Forensic research awards highlight the difficulty of digital privacy

At OpenText, we talk often about digital transformation. Technology makes businesses more competitive, opens access to information and provides new opportunities for everyone.

Unfortunately, it also creates new vehicles for hackers, scammers and criminals. To effectively stop hackers, prosecute criminals and uncover wrongdoing – investigators must understand what happens on digital devices and networks via a process called digital forensics.

Digital forensics is the collection and examination of digital evidence residing on electronic devices. Digital forensic experts apply their skills to criminal, civil and corporate investigations, or in cybersecurity to locate data breaches, malware and more.

Despite that rather simple definition, digital forensics is not widely understood and sometimes viewed as a sort of “dark art”. Digital forensic experts must constantly adapt to new devices (think drones and IoT), new tools and new tactics from criminals and hackers. Everything leaves forensic residue: running applications, clicking files, accessing data, opening email attachments and surfing the internet. Expert investigators can identify and piece together this evidence to build a case or identify a problem.

A close-knit community of investigators and researchers constantly find and publish new forensic “artifacts”. Artifacts are forensic speak for residual evidence left behind when users or applications interact with an operating system. These breadcrumbs marking our digital trail are not well understood, and the people discovering them are rarely recognized for their research.

Winners of the Forensic Artifact Research Awards

We created the Forensic Artifact Research Program as a platform to recognize these forensic researchers for their important work. In its first year, the program received 24 qualified submissions and awarded 11 cash prizes, ranging from $500 to $5,000.

The winning submission came from Justin Bartshe, an investigator with the Naval Criminal Investigative Service (NCIS). During the course of an investigation, Justin discovered that a popular free antivirus program tracked and stores users’ internet activity. Even if users leveraged private browsing modes, or cleared their history, Justin was still able to find records of internet activity. In Justin’s line of work, these types of forensic artifacts provide key evidence as to the actions their suspect has taken online or with a device.

“As a digital forensic examiner, my job is to constantly look for new methods to find evidence leading to the truth, as it pertains to the events of a crime or situation. I’m thrilled to receive this award and hope that more programs will shine a light on forensic investigations to help with knowledge sharing and awareness.” – Justin Bartshe {Investigative Computer Specialist, NCIS}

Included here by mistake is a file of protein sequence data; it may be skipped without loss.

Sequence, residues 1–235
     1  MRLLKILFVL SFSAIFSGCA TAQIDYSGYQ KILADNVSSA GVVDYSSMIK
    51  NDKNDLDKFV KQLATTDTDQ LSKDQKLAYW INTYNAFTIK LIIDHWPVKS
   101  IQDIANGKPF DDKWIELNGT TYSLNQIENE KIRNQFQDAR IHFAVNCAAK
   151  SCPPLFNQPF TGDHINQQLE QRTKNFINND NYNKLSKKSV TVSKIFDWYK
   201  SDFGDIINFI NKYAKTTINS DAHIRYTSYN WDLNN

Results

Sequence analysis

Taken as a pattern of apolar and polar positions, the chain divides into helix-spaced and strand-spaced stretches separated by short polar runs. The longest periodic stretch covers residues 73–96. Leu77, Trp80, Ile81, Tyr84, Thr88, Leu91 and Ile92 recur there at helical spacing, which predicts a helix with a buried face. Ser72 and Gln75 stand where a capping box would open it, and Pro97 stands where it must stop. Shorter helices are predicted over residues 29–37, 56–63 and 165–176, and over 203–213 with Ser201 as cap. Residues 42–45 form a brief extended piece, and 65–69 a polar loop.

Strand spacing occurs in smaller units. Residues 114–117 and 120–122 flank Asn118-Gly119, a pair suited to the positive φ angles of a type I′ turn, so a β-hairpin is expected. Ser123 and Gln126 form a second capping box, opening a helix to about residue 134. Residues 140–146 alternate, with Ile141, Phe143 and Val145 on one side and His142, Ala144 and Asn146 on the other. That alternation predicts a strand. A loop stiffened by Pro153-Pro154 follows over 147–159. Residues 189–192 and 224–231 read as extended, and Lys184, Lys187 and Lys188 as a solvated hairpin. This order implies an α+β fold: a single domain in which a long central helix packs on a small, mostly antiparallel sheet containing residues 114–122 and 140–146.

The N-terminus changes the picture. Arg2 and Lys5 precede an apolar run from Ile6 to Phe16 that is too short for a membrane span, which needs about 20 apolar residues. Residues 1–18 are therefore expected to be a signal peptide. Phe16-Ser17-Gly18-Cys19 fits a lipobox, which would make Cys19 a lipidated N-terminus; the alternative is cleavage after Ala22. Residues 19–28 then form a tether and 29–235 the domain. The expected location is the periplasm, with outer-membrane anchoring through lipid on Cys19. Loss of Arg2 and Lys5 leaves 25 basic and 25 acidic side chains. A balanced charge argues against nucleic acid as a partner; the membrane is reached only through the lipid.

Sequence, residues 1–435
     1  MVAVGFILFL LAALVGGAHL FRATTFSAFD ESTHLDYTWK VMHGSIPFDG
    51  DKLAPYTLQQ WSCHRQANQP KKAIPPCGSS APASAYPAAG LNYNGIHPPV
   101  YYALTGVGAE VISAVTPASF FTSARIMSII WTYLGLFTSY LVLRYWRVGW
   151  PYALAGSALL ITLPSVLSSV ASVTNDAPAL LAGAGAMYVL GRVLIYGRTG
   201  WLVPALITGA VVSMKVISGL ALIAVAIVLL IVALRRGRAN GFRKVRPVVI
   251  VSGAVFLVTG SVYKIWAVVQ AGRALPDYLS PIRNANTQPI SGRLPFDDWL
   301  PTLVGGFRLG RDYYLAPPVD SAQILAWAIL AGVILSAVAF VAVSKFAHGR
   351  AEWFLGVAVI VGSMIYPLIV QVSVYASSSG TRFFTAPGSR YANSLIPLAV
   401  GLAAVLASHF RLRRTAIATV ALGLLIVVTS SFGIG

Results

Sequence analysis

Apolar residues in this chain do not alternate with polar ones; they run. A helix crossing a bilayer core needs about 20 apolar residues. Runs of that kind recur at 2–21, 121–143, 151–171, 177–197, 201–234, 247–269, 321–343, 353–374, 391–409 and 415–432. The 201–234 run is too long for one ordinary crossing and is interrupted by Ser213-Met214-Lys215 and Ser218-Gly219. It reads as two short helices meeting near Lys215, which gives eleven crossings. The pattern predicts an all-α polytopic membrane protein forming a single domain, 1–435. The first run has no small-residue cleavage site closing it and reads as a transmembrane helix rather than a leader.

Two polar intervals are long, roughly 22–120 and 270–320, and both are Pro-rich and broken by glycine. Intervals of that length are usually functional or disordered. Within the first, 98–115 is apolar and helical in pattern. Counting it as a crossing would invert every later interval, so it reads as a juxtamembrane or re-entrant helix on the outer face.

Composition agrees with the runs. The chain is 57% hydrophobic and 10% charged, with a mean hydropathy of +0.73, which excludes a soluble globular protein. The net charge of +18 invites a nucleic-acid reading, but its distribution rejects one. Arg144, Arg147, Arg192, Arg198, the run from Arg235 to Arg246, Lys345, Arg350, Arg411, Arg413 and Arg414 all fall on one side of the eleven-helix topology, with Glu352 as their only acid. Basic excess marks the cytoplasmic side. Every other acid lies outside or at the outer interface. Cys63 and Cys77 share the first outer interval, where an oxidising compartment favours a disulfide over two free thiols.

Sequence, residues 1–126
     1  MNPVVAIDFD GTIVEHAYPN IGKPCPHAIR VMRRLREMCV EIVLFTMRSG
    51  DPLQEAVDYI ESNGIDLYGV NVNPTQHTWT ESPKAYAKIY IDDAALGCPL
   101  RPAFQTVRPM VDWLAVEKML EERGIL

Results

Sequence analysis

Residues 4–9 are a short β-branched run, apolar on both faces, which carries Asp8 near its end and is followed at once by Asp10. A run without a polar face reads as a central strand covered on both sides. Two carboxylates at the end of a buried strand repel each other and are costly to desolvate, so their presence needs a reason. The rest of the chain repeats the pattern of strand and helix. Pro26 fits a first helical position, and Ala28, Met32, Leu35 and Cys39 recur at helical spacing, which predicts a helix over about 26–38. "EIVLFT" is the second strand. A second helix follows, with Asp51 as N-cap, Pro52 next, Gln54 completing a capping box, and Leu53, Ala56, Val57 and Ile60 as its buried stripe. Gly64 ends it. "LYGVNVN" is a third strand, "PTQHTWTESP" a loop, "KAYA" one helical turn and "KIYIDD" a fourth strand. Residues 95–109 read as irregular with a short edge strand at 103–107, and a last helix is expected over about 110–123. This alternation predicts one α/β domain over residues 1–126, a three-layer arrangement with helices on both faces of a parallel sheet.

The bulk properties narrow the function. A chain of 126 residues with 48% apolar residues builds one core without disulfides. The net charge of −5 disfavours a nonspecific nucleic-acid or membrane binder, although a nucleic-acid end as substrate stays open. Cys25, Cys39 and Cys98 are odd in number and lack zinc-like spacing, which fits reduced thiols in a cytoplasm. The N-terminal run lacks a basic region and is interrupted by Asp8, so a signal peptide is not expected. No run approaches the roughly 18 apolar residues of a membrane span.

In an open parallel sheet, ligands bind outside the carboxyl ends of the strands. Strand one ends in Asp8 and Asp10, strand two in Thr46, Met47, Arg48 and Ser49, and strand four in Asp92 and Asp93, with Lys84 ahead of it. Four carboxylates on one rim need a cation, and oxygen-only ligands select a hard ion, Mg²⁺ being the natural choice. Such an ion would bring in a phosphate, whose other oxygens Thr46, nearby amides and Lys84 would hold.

Another notable entry, more in the domain of internet forensics/vulnerability research, found that by modifying the source for a popular open-source torrent platform, the researcher could generate a list of all users watching any specific video at any specific time. This list includes IP addresses and TCP port numbers of the peers viewing that video.

Recognizing the community (and our judges)

Forensic artifacts are critically important to the criminal investigators and law-enforcement who prosecute crime, both on and offline. Forensic researchers help protect victims, end abuse and save lives. In the cybersecurity space, forensic artifacts help security teams defend against breaches and protect against the next advanced attack.

The professionals that make up the community of digital forensic investigators do research, largely without reward or recognition. For this program, we turned to several distinguished members of that community to help us evaluate submissions. A special thank you to all of our judges:

1. Amber Schroader
2. Dave Cowen (@HECFBlog)
3. Jake Williams (@MalwareJake)
4. Paul Shomo (@ShomoBits)
5. Simon Key (@SimonDCKey)

We were proud to sponsor this program and hope it will lead to more recognition and similar campaigns in the future.

Paul Shomo

Paul Shomo is a senior technical manager for third party technologies at OpenText. A veteran of cybersecurity, Paul Shomo has spent more than 15 years as a software engineer with experience working in security and forensics, networking and storage, and several years in his current role managing strategic partnerships and advising on M&A activity. Paul is a regular contributor to Dark Reading. He has been extensively quoted on cybersecurity issues by outlets like FoxNews, Network World, eWeek, SC Magazine, CSO Online, etc.

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